A couple of days ago, I started uploading brief YouTube videos inviting people to learn a practice that I’m calling “Ignatian mindfulness.” It’s my small contribution to people who are feeling stressed out these days: I’ve taught Ignatian spirituality for many years and know that the practices associated with this tradition can help people to refocus their attention in ways that can help lessen the unavoidable anxiety we are all facing in different ways.

And this morning, I came across this article about Christian mindfulness, published yesterday at Religion News Service, about the wave of interest in apps that deliver content rooted in Christian tradition.

“Meditation and mindfulness apps have boomed in the last decade, part of the trend of the year that Apple’s App Store noted in 2018: self-care apps, particularly those focused on mental health,” Emily McFarlan Miller writes. But she also points to some of the pushback about the term “mindfulness,” especially its connection to Buddhist practice. (As an aside, I’ve had a number of students over the years ask about this, and have generally responded that certain Buddhist practices have parallels in Ignatian practices, namely those that focus on the nature of our desire.)

So, let me take a moment to be clear about what I mean by Ignatian mindfulness, and why I continue to use the term “mindfulness” rather than something more rooted in the Christian theological tradition.

  1. It’s practical. People are interested in mindfulness because they experience fragmentation. They are seeking out mindful practices.
  2. It’s not un-Biblical, nor is it in any way anti-theological or unchristian. I started using it because a publisher wanted to use it, and I basically said, OK, sure, you’re the marketing experts, and there’s nothing particularly wrong with it. The word “mindful” and “mindfulness” have been used in certain English translations of the Bible. It describes God’s attitude toward human beings in Psalms 8 and 115, for example, and could be a translation of the Greek word syneidēsin, often also translated “conscience.”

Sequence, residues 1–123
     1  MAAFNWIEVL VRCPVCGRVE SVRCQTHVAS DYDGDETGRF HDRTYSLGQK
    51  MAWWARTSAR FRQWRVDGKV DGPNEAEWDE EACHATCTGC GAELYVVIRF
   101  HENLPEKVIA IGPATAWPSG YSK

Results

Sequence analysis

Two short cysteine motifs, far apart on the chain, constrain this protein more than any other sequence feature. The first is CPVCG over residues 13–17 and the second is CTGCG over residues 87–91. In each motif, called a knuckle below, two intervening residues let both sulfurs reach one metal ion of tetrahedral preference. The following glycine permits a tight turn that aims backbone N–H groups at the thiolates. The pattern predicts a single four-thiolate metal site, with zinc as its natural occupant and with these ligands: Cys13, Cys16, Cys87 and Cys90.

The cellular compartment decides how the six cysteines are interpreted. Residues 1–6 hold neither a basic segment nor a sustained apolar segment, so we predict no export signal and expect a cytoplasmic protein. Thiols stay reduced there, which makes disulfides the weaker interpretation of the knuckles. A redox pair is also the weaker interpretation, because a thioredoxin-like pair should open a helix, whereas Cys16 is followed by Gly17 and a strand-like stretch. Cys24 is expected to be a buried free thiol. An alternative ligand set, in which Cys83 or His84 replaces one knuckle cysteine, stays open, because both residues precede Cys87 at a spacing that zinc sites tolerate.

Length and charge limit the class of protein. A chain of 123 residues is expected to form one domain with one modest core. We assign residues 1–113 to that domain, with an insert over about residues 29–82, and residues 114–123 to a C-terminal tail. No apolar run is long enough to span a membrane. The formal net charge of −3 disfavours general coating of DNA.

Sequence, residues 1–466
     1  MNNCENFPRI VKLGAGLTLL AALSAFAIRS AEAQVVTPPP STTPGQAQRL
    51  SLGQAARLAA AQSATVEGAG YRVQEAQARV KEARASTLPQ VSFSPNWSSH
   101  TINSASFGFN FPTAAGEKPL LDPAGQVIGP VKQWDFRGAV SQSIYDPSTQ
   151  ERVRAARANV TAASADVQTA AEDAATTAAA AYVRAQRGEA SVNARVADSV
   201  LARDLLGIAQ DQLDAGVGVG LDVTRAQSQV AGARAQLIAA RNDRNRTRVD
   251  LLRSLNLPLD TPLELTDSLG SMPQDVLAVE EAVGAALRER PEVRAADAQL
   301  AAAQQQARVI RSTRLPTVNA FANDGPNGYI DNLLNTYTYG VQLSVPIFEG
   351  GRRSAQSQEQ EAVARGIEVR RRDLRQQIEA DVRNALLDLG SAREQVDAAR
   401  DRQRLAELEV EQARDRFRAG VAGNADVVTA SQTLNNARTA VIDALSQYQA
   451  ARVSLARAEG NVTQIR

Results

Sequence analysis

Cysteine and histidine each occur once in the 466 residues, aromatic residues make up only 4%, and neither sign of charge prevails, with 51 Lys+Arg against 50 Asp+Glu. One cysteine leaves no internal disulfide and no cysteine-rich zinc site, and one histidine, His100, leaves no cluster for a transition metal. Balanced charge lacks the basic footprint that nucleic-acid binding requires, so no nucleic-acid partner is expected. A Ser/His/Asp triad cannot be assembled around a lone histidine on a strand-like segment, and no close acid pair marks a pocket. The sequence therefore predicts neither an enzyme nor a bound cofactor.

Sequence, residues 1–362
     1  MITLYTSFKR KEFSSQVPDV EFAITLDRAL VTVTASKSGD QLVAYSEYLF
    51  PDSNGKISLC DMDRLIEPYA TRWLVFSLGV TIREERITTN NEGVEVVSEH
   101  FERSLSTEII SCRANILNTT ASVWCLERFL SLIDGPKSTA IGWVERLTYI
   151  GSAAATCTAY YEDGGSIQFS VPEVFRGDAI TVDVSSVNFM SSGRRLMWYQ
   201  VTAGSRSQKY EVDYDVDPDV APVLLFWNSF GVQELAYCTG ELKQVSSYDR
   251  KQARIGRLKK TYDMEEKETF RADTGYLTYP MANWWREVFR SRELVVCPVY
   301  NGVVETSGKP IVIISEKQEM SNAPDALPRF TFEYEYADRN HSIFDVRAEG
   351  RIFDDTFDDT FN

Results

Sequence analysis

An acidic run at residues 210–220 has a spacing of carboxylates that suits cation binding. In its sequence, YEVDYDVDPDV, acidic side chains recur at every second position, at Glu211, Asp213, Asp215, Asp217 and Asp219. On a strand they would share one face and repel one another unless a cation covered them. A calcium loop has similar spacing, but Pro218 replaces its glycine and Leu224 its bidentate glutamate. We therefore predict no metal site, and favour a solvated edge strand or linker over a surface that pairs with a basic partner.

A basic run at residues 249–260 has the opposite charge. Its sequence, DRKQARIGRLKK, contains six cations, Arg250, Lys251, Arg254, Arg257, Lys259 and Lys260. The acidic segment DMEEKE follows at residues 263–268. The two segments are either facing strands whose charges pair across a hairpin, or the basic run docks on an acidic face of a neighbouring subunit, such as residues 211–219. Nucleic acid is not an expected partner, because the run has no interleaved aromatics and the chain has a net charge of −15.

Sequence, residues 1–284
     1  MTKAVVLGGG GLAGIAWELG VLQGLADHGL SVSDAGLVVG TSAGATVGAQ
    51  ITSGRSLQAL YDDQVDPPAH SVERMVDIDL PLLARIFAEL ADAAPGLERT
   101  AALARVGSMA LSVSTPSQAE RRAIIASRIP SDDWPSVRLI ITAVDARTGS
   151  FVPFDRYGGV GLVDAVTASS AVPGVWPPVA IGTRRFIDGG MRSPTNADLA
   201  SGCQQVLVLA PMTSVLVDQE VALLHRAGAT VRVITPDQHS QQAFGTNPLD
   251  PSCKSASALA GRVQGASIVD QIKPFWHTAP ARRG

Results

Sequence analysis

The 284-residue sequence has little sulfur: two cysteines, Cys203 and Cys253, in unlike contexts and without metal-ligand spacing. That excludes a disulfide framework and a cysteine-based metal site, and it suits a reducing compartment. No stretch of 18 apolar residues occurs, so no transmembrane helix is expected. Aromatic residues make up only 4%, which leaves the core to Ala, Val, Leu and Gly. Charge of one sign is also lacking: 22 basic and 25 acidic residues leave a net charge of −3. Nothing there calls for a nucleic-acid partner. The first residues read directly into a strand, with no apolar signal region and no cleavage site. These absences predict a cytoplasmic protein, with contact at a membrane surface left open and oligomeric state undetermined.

3. It captures one experiential effect of Christian spiritual practice. While the overall goal of any authentically Christian spirituality is to conform myself more and more to the image of Christ, along the way it involves turning away from corrosive behavior (sin) so that I may grow in my ability to practice agapic love. I become more mindful (yes) of my tendencies to “do what I hate” (Romans 7:15), and more mindful too of my desires to do what is good, true, and beautiful.
  4. Ignatian spirituality is not unique among Christian spiritual traditions, to be sure — Ignatius himself counseled people to use any number of earlier forms of prayer. But it is distinctive: Ignatius was a lay person when he wrote the Spiritual Exercises, and he gave them to other lay people as ways to deepen their desire to follow Christ. His counsels are very practical and adaptable to various circumstances (a point he observes in Annotations 18 and 19 before the Exercises).
  5. It is a highly developed tradition, especially in recent decades, with many books, websites, apps, and other resources introducing the practices to people around the world. (My book The Ignatian Workout was an early attempt to adapt the Spiritual Exercises for a young, lay audience.) Many of these practices have been agile responses to people disenchanted with religious traditions, but desiring spiritual practice so as not to lose connection with their desire to do good. That desire, I would argue, is what Ignatius may have had in mind when he quoted his favorite Spanish proverb, namely that it is good when we “go in their door in order that they may come out ours.”

So: Ignatian mindfulness practices are physical and mental exercises which, over time, can help people become less distracted and more focused on what is life-giving. These same practices can also be ways of entering into prayer and deepening our relationship with God.

Pastoral theologian, professor, author/editor of 12 books.

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